For example, in the early 19th century all men paying an annual rental of £10 and all those holding land valued at £10 had the vote. For Emmeline Pankhurst and the Women’s Social and Political Union (WSPU), ‘votes for women’ meant ‘votes for all women who pay an annual rental of £10 and those who hold land valued at £10’. For Charlotte Despard and the Women’s Freedom League (WFL) it meant ‘votes for all women without property restrictions’. In these cases ‘votes for women’ means something entirely different, and without making that distinction immediately, it probably won’t be clear to an outsider what the objectives of different groups are.


We end up with a landscape that looks like this:


There are many different communities with different languages and different truths about what these words mean, and what is desirable and undesirable. This could be a city, a country or an international community — there are many groups with different ideas about the future. This is desirable — it could also be called pluralism.


Now in democratic theory, there are two distinct beliefs about the nature of democratic truth between all of these different communities.


Deliberative theory


Deliberationists believe that each of these groups can come together and create another truth over all their individual and smaller community truths. This occurs via deliberating. Each group is given the opportunity to articulate their view and then we can create policies and laws via mutual cooperation and compromise.


It is using these shared values that we can go out and find external truths to us. As we know — scientific progress is a community driven effort, and not one that can be achieved by an individual alone.


Agonistic theory


Agonists have a different conceptualisation of democratic truth. They say that one group becomes so dominant that their truth becomes the societal truth. This crowds out other groups and becomes dominant. Agonists call this the ‘hegemonic discourse’.

For most people, some of your truths will be hegemonic, and others won’t be. We’re usually very conscious when we are outside of the truth, and we tend to take it for granted when we are dominant in specific areas. Of course, there are some groups that overwhelmingly own the hegemony compared to other identities.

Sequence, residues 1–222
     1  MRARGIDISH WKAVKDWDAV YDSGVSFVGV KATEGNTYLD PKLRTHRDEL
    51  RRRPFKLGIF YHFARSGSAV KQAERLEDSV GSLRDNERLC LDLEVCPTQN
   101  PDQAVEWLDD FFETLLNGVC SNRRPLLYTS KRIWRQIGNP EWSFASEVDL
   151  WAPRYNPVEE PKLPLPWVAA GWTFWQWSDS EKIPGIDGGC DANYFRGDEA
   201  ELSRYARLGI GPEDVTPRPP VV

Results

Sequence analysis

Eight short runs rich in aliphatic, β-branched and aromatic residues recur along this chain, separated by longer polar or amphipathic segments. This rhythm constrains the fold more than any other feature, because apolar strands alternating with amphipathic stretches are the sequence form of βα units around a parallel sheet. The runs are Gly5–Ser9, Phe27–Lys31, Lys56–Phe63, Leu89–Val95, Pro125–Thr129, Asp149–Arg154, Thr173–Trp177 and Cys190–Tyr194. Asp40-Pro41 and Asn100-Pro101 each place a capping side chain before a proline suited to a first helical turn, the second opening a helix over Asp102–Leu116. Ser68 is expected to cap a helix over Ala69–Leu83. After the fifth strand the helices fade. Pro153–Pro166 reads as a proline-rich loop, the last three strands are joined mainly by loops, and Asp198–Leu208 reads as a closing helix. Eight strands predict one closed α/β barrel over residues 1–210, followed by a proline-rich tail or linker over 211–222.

This powerful group then dictates how to go out and find external truths, and which truths are important. Democratic truth thus depends not on group collaboration and cooperation, but rather conflict. The powerful group wants to remain dominant, and the less powerful groups want to be involved in truth-setting and truth-making.


The deliberative notion of democratic truth is idealistic and perhaps unrealistic. The agonist notion of democratic truth is closer to what we see in practice, though may be undesirable. Much agonist writing is devoted to understanding how a world that functions in this way can be non-violent and democratic. In each case, there are good ways of behaving in a society and bad ways of interacting with other people.

Holding two incompatible ideas in your head at the same time and accepting both of them — that’s the best of being human.Yes. No. Good. Bad. Life Death.- Russian Doll, Season 1

All these ideas of truth may seem incompatible, and yet we can still accept all of them. This is the best of being human, and also part of the beauty of truth. The question is, how can we accept that the truth can be both deliberative and agonistic, in different measures and on different topics?


In October 2019 I was asked to present on ‘what is truth in the 21st century’ at the Wellcome Collection in association with the New Breed Network. I spoke about democratic truth. A week later I gave the same talk to an academic audience in the Centre of Technology & Global Affairs at Oxford University. Both groups responded well to the explanation, and so I thought it would be worth sharing on Medium too.